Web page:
Revitalizing the militia tradition?


PDA






mikearion
February 17, 2003, 11:50 PM
I would like to hear some thoughts on revitalizing a universally recognized militia tradition throughout the U.S. A militia in the context of modernizing the tradition to fit the world we live in today. A “security-network” of citizens that is supported by the general public is the concept.

With the assistance of a former Army Master Sergeant and U.S. Historian I have contributed to a militia charter system that could lay the basis for such a modernized tradition. The system could work as is but really needs more input from those that would support such a system.

Here is the link to the current charter construction I posted. Be warned the system is involved and takes a little reading to grasp the whole system.

http://geocities.com/mikearion/chsc

If you enjoyed reading about "Revitalizing the militia tradition?" here in TheHighRoad.org archive, you'll LOVE our community. Come join TheHighRoad.org today for the full version!
VaughnT
February 18, 2003, 01:13 PM
Well, that was definitely an interesting read! You are to be commended on the amount of time it must have taken to research and write that thing.

Personally, it sounded a lot like the State Guard. Would I join such an organization? Probably. However, it would have to be recognized by local, state and federal governments as something more than a good-ole-boy's club. The biggest hurdle is the lack of pay.

Like the volunteer fire fighters, you have to give up a lot of your time and energy to make this work. If you were tangibly compensated, it would be more interesting to a lot of people...but that contradicts the purpose.

Definitely an interesting idea.

cheygriz
February 18, 2003, 06:44 PM
A great idea, as long as it remains "well regulated" as the constitutoin rerquires. i.e., under control of the governor of the state.

An idea that is long overdue, IMHO

telewinz
February 18, 2003, 07:09 PM
The State of Ohio already has a STATE sanction militia, its called the Ohio Reserve. I almost excepted a commission from them a year ago but due to the long driving distances involved, wisdom won out over emotion and I declined. Its a very professional organization with a large contingent of prior military enrolled. If you live near Columbus or west of that city check it out. If they ever open a post within 50 miles of my home, I'll join.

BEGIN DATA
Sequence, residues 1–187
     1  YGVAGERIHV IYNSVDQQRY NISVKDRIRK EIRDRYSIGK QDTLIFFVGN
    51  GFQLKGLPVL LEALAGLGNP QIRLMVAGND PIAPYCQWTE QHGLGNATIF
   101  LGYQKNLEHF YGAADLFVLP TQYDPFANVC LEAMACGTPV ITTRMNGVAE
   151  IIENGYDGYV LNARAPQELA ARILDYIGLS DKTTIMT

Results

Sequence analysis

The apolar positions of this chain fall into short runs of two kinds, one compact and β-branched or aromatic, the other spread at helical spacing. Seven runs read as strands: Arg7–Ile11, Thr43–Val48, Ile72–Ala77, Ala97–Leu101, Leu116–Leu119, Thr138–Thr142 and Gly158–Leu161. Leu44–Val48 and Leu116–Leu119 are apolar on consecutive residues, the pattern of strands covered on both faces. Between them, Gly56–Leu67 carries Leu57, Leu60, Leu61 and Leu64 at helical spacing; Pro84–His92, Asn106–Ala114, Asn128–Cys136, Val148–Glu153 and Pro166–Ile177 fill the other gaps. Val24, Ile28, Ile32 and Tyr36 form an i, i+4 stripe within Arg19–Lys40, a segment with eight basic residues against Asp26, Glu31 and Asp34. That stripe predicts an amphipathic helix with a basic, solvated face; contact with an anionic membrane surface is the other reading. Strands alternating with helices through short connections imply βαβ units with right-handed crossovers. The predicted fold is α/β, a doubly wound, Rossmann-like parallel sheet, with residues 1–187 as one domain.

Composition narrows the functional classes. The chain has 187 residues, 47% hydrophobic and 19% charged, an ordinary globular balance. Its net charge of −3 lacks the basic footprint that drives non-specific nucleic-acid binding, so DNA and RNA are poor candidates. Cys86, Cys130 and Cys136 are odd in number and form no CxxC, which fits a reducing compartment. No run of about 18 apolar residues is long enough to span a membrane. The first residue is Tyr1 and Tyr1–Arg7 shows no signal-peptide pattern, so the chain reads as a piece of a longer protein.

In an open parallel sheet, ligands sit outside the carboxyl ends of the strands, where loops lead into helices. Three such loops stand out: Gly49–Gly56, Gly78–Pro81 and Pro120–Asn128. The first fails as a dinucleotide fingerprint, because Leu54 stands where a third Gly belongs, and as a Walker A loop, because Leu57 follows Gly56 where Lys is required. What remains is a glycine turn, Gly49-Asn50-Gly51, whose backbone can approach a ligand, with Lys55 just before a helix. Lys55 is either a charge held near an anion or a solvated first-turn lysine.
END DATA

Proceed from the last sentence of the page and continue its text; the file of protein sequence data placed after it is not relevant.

MitchSchaft
February 18, 2003, 07:34 PM
as long as it remains "well regulated" as the constitutoin rerquires. i.e., under control of the governor of the state.

So "well regulated" means it has to be under the control of a State governor?

telewinz
February 18, 2003, 08:28 PM
being regulated by the state would go a long way towards keeping you out of jail.:uhoh:

4thHorseman
February 18, 2003, 08:42 PM
It must not be under the control or have involvement from the federal government.

mikearion
February 18, 2003, 11:14 PM
Actually "well regulated" had nothing to do with government "regulations" but rather the "method or form" of the militias. This is actually well known in the context of the 2nd amendment. Historic militias were never placed under state control except during an emergency. They were only local entities for community defense purposes. This tradition goes back to first English colonies. Just folks trained to protect themselves.

So "well regulated" doesn't translate to "under government control" in this context as some, suppose.

REG'ULATED, pp. Adjusted by rule, method or forms; put in good order; subjected to rules or restrictions. Webster's 1828 Dictionary

States are not allowed to have full time paid armies but may only call the People. This was because the military was placed under control of the Federal government. So states made sure to add the 2nd amendment so that at least they could call on the People of their state. If the People were disarmed then they would have nothing at all, not even the police that also derives armed authority from the 2nd amendment.

Until the National Guard there is no history of full time state run paid militia in the U.S. Actually the National Guard is an Army reserve that was formed from militia but has nothing to do with the 2nd amendment at all.

I am always amazed how most folks do not understand this very basic history and the Constitution. This needs to be corrected.

cheygriz
February 19, 2003, 12:31 AM
I think that it is pretty well recognized by constitutional scholars that the "well regulated" portion of the Second Amendment meant that whenever the militia was ** "actively engaged in legitimate militia activity,"** whether actually fighting, engaged in training, or putting out forest fires, it would be under the control of constituted local authority, i.e., the governor of the state involved or his designated representative. This is true whether the "militia" is paid or unpaid volunteers. In most of our history, they were unpaid volunteers.


"Militia activity" by private individuals or groups not "well regulated" would fall under the definition of private armies, and not be covered by the 2ND Amendment.

While the founding fathers did not completely trust centralized government, they certainly didn't trust anarchists.

If you read their writings, and American history, they found anarchy to be anathema. Many anarchists were hanged in the 19th century!

MitchSchaft
February 19, 2003, 01:50 AM
Well regulated basically means well armed.
Has absolutely nothing to do with governmental control at all. Federal or State.

MitchSchaft
February 19, 2003, 05:13 PM
http://home.midsouth.rr.com/schaftlfam/pics/Misc/bump.gif

Apple a Day
February 19, 2003, 06:19 PM
I skimmed the whole thing.
Personally, I would favor something more oriented towards passing information and emergency relief help. Emphasis should be placed more on cell phones and comm. procedures than rank.